How to Fix Your Bah Humbug When Life is Not Easy

Compassionate Love Blog: Displaying compassion for those who struggle with mental illness  (c)2016  Nancy Virden, Always the Fight Ministry

oqd61peGrieving, lonely, angry, anxious, and otherwise dreading that family get-together? Here is the good news. We are not victims; we have control because we have options.

Yes, we do! We have opportunity to choose what we value and who we want to be.

Think about it, and possibly write your values. What is important to you? Then write what kind of person you want to be.

Example:

I value honesty. I want to be an open and transparent person.

I value calm. I want to be an even-tempered person.

The list can be as long as you like. What do you want?

We can struggle, sometimes very hard, against pain brought into our lives at the will of others. Maybe you lost yourself long time ago. Remembering your values might take some time. That’s ok, go for it anyway.

Waves of grief can strike us during the holidays when we least expect it. A conversation yesterday changed my demeanor from smiles to sobs. It’s not a character flaw to feel sad over loss! Denial is not the answer. What do you value? What kind of person do you want to be?

Maybe this season you question if you have enough stamina to go on. Pain, physical or emotional, may be due to terrible relationships, stressful jobs, or that all-time king of suffering – loneliness. It is always your choice how to respond. What kind of person do you want to be?

We may find we lack the know-how, or the strength to finish a list like this alone. Perhaps the concept of being the kind of person you want is a bit mind-boggling. That’s ok, too. I’ve been there. Support groups and therapists tend to be safe; church groups, good friends, and teachers may have insights into who you are that you have missed.

It is always our choice to seek support or not. We can decide to pursue antidotes to the status quo and Bah Humbug thinking. It is in our power, regardless of our feelings, to live on purpose and believe for hope.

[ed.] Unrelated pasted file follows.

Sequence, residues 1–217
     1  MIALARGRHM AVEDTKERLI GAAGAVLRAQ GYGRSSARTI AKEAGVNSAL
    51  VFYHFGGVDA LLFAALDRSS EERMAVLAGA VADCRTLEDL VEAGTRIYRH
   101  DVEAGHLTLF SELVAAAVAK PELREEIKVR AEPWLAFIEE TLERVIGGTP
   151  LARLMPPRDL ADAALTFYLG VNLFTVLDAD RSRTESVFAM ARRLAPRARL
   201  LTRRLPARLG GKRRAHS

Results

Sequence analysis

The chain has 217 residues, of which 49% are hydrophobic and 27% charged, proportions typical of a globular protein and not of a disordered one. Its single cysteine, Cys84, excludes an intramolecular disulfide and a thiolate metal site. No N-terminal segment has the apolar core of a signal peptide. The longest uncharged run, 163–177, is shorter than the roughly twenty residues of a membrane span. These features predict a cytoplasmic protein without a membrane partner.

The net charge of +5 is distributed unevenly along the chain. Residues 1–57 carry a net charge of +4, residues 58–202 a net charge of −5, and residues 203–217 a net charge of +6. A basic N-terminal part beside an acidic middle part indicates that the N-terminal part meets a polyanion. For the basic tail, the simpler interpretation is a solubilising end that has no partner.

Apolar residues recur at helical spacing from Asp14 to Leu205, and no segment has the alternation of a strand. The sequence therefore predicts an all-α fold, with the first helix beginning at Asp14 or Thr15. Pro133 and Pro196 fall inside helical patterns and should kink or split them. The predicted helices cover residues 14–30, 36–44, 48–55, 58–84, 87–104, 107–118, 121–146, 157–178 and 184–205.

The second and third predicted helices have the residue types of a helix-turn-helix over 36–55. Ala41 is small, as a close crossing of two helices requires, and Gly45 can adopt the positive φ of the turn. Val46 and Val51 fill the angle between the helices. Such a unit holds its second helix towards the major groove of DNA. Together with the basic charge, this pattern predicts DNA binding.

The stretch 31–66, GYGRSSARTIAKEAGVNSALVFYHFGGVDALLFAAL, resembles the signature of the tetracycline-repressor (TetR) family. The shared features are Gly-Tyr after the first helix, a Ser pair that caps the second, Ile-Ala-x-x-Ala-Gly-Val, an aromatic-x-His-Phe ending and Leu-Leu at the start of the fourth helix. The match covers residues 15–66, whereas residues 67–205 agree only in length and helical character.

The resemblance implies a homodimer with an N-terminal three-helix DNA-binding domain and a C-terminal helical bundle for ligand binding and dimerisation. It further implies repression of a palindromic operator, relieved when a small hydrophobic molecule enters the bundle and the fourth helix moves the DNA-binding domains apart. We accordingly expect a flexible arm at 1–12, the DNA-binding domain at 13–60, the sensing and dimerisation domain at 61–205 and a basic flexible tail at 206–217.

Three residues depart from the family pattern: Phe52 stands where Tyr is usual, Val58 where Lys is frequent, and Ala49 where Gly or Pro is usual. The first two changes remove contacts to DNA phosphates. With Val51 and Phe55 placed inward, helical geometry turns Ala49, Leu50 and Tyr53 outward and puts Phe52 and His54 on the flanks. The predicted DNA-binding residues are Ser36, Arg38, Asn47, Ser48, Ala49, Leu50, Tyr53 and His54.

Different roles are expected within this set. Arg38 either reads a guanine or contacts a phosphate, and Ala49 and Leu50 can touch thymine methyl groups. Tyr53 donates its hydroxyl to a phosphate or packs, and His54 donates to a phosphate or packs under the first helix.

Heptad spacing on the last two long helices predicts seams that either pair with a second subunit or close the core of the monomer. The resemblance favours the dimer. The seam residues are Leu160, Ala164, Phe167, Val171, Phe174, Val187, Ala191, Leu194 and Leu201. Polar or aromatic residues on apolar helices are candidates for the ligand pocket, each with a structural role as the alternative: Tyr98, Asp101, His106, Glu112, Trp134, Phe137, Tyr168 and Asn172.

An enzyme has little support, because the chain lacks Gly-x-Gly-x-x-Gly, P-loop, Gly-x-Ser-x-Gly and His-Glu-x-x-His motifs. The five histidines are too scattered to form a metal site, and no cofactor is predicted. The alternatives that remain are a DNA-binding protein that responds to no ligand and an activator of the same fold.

I decided yesterday to fight what I’ve experienced as an annual holiday emotional torture. I did this for the first time two years ago, and it changed everything for me. Spontaneous invitations went out to a few friends, new and old, for a game night between Christmas and New Years Day. I do not know yet who can come, but the point is I am pursuing my values. I love treating people! The kind of person I want to be focuses on honoring God  by loving other people. It sure beats feeling depressed.

To all, I wish and pray for a happy holiday season. May you live by your values, and experience peace in striving to be who you want. Maybe your greatest blessing will be admitting you cannot do this by yourself.

A red poinsettia in the Christmas seasonToday’s Helpful Word

Luke 6:45

“The good person out of the good treasure of his heart produces good, and the evil person out of his evil treasure produces evil, for out of the abundance of the heart his mouth speaks.”

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COMMENTS ARE ALWAYS WELCOME (see tab below)

NOTE: I am not a doctor or mental health professional. I speak only from personal experiences with and observations of mental illness. In no way is this website intended to substitute for professional mental health care.

If you are struggling emotionally today or feeling suicidal, or concerned about someone who is, please call the National Suicide Prevention Lifeline 1-800-273-TALK (8255). Hope and help is yours.

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